Search
Home > Student Life
Student Life
  • An SZPT Exchange Student’s Life in South Korea
  • An Exchange Student’s Thoughts on the Parking Lot of Illinois Central College
  • Our Trip to Illinois State University
  • Contributions Wanted(征稿启事)
  • I've got an internship
  • 2011 Universiade and me
  • We are of the same family
  • Shenzhen Polytechnic Entrepreneur Association
  • My Impression on Aijia
  • Being a Member of the Volunteer Association in SZPT
  •  
    An SZPT Exchange Student’s Life in South Korea

    Author :  Date : 2011-5-30 10:09:00

    An SZPT Exchange Student’s Life in South Korea

    (May 2011) Nine months ago, I left Shenzhen with five other exchange students to begin our life in South Korea. Now, as I enter my last month, I would like to share my experience with everyone.

    We first arrived at Kongjiu Communication Arts College, a college in Ch'Ungch'Ong-Namdo in the western part of South Korea. I had no clue what to expect but I thought studying abroad was no longer a dream. I was going to realize it! Upon our arrival, we were scheduled to attend a Korean language course for 5 months. I got my new Korean name of 장효인 ( Jang Hyo In). I needed to start with the alphabet and pronunciation because they are really important when one is a beginner in Korean. And then I continued studying new words and expressions. As we know, grammar is essential to language, but if you want to learn Korean well by skipping learning grammar, the best way is to speak it more often! Here, I have to speak in Korean everywhere, not English. I feel happy because I am no longer a slave to English.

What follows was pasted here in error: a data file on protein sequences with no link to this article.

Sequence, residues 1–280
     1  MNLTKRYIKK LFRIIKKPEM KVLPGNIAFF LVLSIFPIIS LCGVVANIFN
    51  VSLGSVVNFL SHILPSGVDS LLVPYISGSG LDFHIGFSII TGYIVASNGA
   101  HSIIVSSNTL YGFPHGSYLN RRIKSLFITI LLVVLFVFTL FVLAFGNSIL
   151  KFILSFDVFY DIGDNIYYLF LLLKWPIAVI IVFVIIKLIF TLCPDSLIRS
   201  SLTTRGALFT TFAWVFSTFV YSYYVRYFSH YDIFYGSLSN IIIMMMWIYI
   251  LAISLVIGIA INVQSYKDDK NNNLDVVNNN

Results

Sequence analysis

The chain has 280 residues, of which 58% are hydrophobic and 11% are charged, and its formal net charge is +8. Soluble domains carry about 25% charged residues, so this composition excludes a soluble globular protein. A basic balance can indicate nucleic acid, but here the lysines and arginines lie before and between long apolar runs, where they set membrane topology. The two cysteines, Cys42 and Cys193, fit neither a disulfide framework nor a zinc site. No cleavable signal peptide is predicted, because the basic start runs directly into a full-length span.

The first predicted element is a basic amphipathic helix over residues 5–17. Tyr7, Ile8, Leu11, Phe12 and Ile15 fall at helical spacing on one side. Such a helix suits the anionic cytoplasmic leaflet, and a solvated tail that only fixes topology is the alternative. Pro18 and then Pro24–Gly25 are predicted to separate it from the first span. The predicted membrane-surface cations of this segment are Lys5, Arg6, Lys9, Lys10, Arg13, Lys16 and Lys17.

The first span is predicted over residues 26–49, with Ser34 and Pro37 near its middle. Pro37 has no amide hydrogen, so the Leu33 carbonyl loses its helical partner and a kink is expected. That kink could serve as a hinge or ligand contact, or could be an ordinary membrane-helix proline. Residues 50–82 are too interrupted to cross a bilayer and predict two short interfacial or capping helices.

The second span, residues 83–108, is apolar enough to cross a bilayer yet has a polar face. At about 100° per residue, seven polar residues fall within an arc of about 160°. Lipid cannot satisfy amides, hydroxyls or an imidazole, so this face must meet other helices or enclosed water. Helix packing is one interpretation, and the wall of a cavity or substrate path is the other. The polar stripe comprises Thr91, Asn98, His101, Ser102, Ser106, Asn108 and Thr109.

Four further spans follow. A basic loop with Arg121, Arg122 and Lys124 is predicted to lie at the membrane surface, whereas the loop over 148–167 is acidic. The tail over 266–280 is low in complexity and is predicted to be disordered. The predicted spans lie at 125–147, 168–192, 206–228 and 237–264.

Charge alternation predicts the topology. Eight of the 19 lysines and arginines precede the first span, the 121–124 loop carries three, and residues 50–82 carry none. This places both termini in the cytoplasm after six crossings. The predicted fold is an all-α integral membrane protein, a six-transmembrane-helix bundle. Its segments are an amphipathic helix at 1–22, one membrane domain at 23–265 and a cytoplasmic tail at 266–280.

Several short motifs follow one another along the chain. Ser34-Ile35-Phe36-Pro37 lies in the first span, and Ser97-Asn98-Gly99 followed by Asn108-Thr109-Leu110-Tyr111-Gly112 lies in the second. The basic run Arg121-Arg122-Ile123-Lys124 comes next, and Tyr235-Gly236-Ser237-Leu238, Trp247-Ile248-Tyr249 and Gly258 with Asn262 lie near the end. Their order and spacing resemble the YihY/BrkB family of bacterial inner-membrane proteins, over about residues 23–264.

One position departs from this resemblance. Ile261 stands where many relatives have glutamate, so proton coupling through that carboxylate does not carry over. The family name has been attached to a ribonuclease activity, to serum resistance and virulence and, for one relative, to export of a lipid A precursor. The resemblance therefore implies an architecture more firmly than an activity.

Mrs. KimMrs. You and Mrs. An were my Korean teachers. They were the most patient foreign teachers I have ever met. Whenever we had troubles with our studies, they helped us enthusiastically. Every student in the class wanted to be friends with them. Although the language class is rather dullthese lovely teachers were my motivation to learn. In January, the coldest month of South Korea, I went to Daejeon with my Chinese friends and took the 21st Test of Proficiency in Korean. I still remember the day we waded in the deep snow for an hour to get back to our dormitory.

    I didn’t go home to China during the Spring Festival but visited Daejeon for two weeks. To be honest, Korea did not have much public festivities compared to China. I think Koreans celebrate Spring Festival privately with their families.

    The new semester started in late February. I was allowed to audit the major of Tourism and Airline. As an exchange student, I was quite different from my Korean classmates. We were generally encouraged to take a lighter course load. Outside of classes, beyond the time spent translating Korean to Chinese, and trying to understand what actually happened during my professor’s lecture, I had plenty of opportunities to enjoy being in Korean culture, interacting with Korean students, and chatting about Korean TV dramas.